During the violence between Gaza and Southern Israel last month, I was shocked that some of my friends were posting images on Facebook that supported the disproportionate force Israel used against Gazans. When I asked why, they all believed that Palestinians wanted to wipe out Israel. Their most primitive instinct was activated: that of self-preservation. During Israel’s attacks, the same basic instinct was activated among Gazans.
This level of fear distorts our thinking and locks us into an ever-repeating pattern of attack and counterattack. Only evidence that the “other” is like us can disrupt the cycle of violence. In order to find evidence we need the courage to look.
In July 2010, a Palestinian artist invited a Jewish artist she had worked with in the United States to give a lecture at Al-Quds University in the West Bank. My Israeli-Palestinian friend Rema and I had worked in Arab-Jewish relations in the 1980s with the Jewish artist, and we accompanied him to hear his talk about the legacy of trauma connecting his history of suffering with the Palestinians.
She reluctantly agreed to drive us through the checkpoint since it is illegal for Israelis to cross. As we approached the border to the West Bank, she warned us not to speak in Hebrew.
During the lecture, the artist shared his background, which included living for a year in an Israeli Arab village after serving as a soldier in the Israeli army. The tension in the room was dizzying. Some students nervously tapped, while others played with their mobile phones. I imagined them texting to inform others there were Jews and Israelis in this room and that people would come to hurt us. I trusted those in the room, the art students, whom I had met just 10 minutes prior, but I feared those outside it. I found the texting, a secret communication with people I couldn’t see, quite terrifying.
At the end of the lecture, students crowded around the Jewish-Israeli artist wanting to engage not about his art but on a more intimate level. The first woman to speak said, “I don’t believe you killed anyone.” Another woman started to speak in Hebrew, telling the artist she wanted to practice. They had never had an open conversation with a person who had been an Israeli soldier. His trust in them was infectious. They had done what they had thought impossible – they had allowed themselves to care for an ex-Israeli soldier. It was surprisingly easy because it was so clear he cared about them.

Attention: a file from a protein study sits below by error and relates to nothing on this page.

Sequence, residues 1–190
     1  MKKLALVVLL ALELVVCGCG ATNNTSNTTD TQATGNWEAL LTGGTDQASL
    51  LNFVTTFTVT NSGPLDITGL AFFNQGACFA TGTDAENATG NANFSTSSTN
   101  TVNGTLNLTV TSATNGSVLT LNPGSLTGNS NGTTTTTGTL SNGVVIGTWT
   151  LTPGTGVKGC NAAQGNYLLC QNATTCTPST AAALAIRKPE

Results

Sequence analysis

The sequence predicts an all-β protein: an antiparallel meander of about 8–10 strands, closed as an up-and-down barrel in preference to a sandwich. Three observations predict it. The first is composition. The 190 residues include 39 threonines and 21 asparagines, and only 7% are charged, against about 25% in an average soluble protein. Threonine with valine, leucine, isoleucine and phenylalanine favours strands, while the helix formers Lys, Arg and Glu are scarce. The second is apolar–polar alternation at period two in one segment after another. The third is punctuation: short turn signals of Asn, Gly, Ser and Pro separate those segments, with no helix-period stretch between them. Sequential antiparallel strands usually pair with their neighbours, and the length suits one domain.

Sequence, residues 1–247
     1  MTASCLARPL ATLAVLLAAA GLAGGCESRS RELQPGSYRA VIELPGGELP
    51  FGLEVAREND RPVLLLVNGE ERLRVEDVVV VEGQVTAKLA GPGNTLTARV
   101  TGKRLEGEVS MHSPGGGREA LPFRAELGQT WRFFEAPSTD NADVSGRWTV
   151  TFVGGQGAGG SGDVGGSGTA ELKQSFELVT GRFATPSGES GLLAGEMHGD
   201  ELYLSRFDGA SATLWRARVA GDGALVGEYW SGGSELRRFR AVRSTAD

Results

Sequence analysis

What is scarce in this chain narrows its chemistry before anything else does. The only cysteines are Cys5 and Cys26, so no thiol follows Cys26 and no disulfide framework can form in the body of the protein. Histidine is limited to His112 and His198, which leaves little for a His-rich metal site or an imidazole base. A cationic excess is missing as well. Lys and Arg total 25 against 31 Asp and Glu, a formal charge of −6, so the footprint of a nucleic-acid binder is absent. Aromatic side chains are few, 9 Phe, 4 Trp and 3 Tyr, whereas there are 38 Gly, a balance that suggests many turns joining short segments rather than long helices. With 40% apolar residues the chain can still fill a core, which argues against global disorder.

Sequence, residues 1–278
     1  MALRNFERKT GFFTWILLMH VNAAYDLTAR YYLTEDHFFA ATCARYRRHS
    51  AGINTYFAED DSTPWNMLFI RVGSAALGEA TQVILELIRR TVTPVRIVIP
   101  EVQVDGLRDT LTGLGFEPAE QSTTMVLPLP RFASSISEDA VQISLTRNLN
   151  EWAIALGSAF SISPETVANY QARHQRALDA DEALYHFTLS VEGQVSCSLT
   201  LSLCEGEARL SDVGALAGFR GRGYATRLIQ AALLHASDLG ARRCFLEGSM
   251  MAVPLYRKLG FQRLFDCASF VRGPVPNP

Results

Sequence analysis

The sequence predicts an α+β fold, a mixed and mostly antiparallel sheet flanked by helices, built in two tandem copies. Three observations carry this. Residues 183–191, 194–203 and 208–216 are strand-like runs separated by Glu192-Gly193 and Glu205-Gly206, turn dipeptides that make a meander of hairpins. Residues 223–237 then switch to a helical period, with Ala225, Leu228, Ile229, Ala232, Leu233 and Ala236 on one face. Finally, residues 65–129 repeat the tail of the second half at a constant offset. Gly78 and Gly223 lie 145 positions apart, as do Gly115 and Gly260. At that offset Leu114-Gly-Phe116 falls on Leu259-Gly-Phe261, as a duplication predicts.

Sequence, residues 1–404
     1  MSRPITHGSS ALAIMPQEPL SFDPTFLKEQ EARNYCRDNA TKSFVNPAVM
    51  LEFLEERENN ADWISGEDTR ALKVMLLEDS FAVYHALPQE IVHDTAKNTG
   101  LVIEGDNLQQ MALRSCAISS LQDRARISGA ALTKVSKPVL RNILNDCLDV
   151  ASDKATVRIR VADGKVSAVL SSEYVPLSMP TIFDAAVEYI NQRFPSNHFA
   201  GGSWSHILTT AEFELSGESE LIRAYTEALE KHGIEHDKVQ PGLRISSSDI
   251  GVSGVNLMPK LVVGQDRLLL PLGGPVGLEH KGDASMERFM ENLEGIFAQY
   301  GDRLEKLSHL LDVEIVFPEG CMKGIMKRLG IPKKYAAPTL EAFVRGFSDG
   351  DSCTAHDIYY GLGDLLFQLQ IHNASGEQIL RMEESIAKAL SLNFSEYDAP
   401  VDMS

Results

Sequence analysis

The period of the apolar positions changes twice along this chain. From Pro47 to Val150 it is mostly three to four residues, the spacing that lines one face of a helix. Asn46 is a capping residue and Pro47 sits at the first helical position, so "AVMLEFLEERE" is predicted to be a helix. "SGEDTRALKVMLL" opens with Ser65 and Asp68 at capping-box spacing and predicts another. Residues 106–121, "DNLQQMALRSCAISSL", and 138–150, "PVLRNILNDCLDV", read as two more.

We had traveled far to get to this place of togetherness though it was not even an hour’s journey from Jerusalem. We suppressed our fear and moved out of our comfort zone to learn that what we believed was true: that despite warnings to the contrary, we could trust these people to keep us safe.
Since the revolutionary Internet movement “Israel Loves Iran” began last spring, people don’t have to clandestinely travel across borders to discover their wish for peace reflected in the faces of “enemies.” On the recent offshoot Facebook pages – ”Palestine Loves Israel” with over 9,000 members and “Israel Loves Palestine” with about 7,000 members – Israelis and Palestinians, among others, have posted their photos with the phrase: “This is not my war. I want peace and love among Palestine and Israel. We are all one.”
Generations of political leaders have vilified an “other” to garner power. We can use social media to either promote their agenda of fear and hate, or we can create our own of curiosity and acceptance.
Thousands of people are reaching across borders electronically to make it clear that their politicians are not speaking for them. The Internet is proving instrumental in helping people overcome their programmed fear of the “other” to understand that many people, both Palestinian and Israeli, just want to find a way to live together. The “Gaza Youth Breaks Out” Facebook group posted a picture of an Israeli rally in support of U.N. observer status for the state of Palestine. On Facebook, Gazan youths thanked those Israelis.
Only by fighting fear instead of each other can Palestinians and Israelis shift the power from those who are not yet ready for peace to those who are making it.
Ariel Katz is an American living in England. She studied Middle Eastern Studies at Cornell University in New York, and lived in Israel for three years working in improving Arab-Jewish relations. Her blog is at www.modernnomad-teals.blogspot.co.uk. THE DAILY STAR publishes this commentary in collaboration with the Common Ground News Service (www.commongroundnews.org).